The night of the full moon was always chosen, Johns wrote, to enable the merry-makers to return safely home on the narrow mountain roads. It’s easy to imagine the settlers described by Johns—including the 17 Santa Maria family children—celebrating the holidays with music and dancing. 

The earlier generation of settlers during the Spanish and Mexican period celebrated Christmas with fiestas that brought extended families together for weeks at a time, and there were still families in the Topanga and Pacific Palisades areas that would have continued to honor earlier traditions, although perhaps not with all of the accompaniments included in one of the earliest descriptions of Christmas in Los Angeles. In 1855, the Los Angeles Star described: “bull fights, bell ringing, firing of crackers, fiestas and fandangos,” together with, “dancing and feasting, and gymnastic exercises continued till morning,” and notes that “cascarones [hollowed out egg shells filled with confetti] commanded a premium,” and “many were complimented with them as a finishing touch to their head dress.”

Topanga settlers had an easier time getting supplies from town and transporting goods to market than mountain settlers in more remote areas. Civilization was a three-hour ride from the heart of the canyon, as opposed to a whole day’s journey or possibly two, depending on the tides along the coast route. Car culture arrived early in the canyon, increasing access to town at a time when Yerba Buena settlers still had to depend on horses, mules or foot. Topanga Canyon Blvd., fully paved from coast to valley in 1915, meant electricity arrived earlier than it did in other parts of the mountains. Year-round water also helped support a more robust community and more diverse crops in Topanga, but it was still a very different life from that of more urban communities just a few miles down the mountain.

Photograph of Christmas trees with lights in the night at Exposition Park, 1920-1930. Two rows of evergreen trees stand on the manicured grass of the park. They are decorated with bright streams of lights. The entrance to the Los Angeles Memorial Coliseum can be seen at the end of the park in the background with a bright light just below its torch.

Christmas trees became fashionable in Los Angeles in the 1850s, well before most American homesteaders staked a claim in the local mountains. Christmas decorations, including rows of trees covered in electric light bulbs (invented in 1882, and already wildly popular by 1900) and windows with fanciful holiday displays at stores like the Boston Dry Goods Store on North Spring Street (it would later evolve into Robinson’s), and Henshey’s in Santa Monica (which opened in 1925) must have been a revelation to homesteaders on a rare trip into town.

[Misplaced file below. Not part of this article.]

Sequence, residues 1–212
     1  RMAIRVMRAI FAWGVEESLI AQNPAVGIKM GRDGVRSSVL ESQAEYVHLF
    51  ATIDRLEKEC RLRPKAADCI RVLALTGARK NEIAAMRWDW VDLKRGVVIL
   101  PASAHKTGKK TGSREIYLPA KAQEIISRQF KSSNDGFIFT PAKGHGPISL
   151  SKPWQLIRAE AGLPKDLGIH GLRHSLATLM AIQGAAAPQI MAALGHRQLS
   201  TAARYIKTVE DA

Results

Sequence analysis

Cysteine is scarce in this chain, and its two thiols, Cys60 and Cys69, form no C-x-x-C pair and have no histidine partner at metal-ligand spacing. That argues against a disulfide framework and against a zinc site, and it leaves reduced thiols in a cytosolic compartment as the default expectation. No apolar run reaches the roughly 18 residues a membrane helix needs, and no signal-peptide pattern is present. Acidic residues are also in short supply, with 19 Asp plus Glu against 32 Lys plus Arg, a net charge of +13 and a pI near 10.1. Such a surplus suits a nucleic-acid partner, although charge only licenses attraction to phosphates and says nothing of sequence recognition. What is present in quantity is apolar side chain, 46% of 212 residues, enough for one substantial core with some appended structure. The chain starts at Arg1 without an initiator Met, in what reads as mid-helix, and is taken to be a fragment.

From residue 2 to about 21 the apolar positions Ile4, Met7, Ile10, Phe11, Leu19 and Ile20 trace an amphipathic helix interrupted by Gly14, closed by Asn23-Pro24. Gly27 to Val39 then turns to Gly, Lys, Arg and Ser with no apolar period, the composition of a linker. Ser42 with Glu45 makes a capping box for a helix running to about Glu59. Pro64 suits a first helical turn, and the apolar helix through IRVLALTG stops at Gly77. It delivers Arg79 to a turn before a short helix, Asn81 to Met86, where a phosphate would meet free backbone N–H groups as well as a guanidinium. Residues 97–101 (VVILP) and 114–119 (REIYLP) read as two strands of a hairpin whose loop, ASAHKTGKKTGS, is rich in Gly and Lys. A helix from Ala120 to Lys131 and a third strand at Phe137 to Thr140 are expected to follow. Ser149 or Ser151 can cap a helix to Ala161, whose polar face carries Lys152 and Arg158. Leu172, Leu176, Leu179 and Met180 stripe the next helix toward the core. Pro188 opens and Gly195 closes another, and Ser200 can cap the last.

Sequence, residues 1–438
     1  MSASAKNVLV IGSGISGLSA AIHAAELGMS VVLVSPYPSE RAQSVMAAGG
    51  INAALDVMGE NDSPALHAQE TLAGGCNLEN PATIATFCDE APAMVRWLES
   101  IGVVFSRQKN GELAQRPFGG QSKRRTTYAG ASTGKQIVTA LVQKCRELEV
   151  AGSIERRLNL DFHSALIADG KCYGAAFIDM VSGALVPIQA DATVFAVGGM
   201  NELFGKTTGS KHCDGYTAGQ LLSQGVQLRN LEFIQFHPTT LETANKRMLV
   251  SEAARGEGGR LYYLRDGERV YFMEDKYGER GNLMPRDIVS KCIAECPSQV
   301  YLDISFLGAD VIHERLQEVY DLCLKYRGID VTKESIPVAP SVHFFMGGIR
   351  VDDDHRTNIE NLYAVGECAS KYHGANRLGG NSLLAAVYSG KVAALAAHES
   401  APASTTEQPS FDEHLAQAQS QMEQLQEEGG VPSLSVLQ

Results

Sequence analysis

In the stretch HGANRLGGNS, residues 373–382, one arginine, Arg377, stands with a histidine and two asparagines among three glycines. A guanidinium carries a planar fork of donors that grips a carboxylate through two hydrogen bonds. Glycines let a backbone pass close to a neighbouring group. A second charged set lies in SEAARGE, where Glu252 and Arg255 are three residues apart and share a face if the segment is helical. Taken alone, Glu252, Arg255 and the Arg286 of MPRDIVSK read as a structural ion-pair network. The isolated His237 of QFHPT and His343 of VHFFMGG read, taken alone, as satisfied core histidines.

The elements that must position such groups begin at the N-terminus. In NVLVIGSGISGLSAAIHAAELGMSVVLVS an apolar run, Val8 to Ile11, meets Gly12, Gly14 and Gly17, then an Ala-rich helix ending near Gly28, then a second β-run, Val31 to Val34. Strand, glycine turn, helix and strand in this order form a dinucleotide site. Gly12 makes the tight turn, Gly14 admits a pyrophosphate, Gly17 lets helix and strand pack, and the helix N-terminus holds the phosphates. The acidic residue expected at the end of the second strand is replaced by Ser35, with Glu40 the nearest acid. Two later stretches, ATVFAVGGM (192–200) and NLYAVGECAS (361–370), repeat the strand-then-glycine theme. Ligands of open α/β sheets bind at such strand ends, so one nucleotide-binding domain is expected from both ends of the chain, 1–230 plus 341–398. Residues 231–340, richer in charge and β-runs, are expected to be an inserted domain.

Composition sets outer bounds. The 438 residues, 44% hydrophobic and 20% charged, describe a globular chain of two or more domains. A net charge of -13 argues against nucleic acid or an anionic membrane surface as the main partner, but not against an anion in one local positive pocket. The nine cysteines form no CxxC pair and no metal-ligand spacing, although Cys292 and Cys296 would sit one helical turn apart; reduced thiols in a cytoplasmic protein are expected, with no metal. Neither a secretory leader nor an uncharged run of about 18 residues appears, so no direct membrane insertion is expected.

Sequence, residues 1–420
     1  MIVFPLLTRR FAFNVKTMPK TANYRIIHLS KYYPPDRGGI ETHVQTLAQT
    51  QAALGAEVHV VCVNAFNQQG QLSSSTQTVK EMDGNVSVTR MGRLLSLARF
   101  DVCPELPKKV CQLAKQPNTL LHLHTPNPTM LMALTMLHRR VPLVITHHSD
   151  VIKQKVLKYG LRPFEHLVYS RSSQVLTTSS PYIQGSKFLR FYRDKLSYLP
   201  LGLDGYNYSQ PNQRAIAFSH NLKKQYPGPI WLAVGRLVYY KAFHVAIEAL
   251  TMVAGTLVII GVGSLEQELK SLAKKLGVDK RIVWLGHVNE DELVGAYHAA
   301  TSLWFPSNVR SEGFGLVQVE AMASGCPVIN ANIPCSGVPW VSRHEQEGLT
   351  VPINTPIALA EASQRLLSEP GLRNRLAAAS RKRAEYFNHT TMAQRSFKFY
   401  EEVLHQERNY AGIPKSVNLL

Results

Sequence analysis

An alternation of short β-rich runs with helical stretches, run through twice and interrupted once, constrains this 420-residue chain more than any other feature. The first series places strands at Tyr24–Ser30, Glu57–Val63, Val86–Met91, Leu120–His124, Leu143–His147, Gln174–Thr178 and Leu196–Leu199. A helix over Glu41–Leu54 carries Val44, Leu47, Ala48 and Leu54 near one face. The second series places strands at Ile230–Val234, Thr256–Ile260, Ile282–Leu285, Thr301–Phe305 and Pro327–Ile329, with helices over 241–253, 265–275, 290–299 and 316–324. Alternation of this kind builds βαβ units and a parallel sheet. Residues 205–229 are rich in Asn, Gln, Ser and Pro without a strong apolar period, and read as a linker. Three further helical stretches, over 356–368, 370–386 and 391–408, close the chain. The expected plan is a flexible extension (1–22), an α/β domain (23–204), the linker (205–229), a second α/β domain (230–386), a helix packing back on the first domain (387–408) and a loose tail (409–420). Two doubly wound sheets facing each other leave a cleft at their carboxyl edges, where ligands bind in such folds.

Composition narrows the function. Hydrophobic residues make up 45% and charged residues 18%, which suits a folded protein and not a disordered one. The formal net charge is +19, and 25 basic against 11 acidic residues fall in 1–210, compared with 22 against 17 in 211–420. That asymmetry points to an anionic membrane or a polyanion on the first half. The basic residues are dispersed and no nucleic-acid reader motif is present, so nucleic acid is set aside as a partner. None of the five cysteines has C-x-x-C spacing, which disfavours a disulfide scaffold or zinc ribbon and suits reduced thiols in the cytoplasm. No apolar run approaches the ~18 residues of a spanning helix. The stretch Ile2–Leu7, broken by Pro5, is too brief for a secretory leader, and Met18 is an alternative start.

Johns’ article states that “almost everyone” in the canyon raised chickens, ducks and turkeys, some also kept goats, and others tended bees and sold honey. A 1910 Los Angeles Times article describes a special variety of apple grown in the canyon, Beitgheimer, “handsome in appearance and very fragrant.” Lille Svenson planted four acres of grape vines and became locally famous for the grapes she grew. The Greenleaf family grew Bartlett pears. There would have been more than just beans at a Topanga homestead holiday dinner.

Topanga schoolteacher Theresa Setton captured this 1913 portrait of Topanga neighbors gathering toyon branches that would have been bright with red berries. Topanga homesteaders sold laurel and toyon branches at Christmas, in addition to firewood. Toyon was so popular as a holiday decoration that it nearly became extinct. Image courtesy of the Ernest Marquez Collection, Huntington Libraries

In addition to selling produce and honey in town, Topanga homesteaders foraged for firewood and cut boughs of California bay and toyon berries that they sold in town for holiday decorations. Photos taken by Topanga School Teacher Theresa Sletton, c. 1915, show some of her friends gathering branches of toyon. This welcome addition to household income came at a price. The berries were in such demand for decorations that the toyon came perilously close to being loved to extinction. 

A photo album that belonged to longtime Topanga resident Robert Hutton as a young man includes images from Christmas a few years later that reveal a world that looks more like the 19th century than the 20th. Hutton, a senior at Santa Monica High School, snapped photos of himself and his friends climbing Topanga’s distinctive rock formations, posing in ten gallon hats with six shooters, and reclining in front of a tiny cabin during Christmas vacation in 1917, but life for even the most remote homesteaders was changing fast. 

Radio provided a connection to the outside world long before TV or the internet, and catalogs, like the one from Sears, fueled dreams of holiday treats far exceeding the delights of penny candy.

It wasn’t until the 1940s that the more remote corners of the Santa Monica Mountains fully caught up with the 20th century—some longtime residents still remember shared phone lines and plenty of residents still operate on wells and propane.

Today, we embrace more holidays and customs than previous generations could have imagined, but this is still a community that embraces peace and goodwill and kindness to neighbors and strangers, as well as for friends and family. For many of us, the blessings of the season continue to be rooted in the beauty and tranquility of our mountains.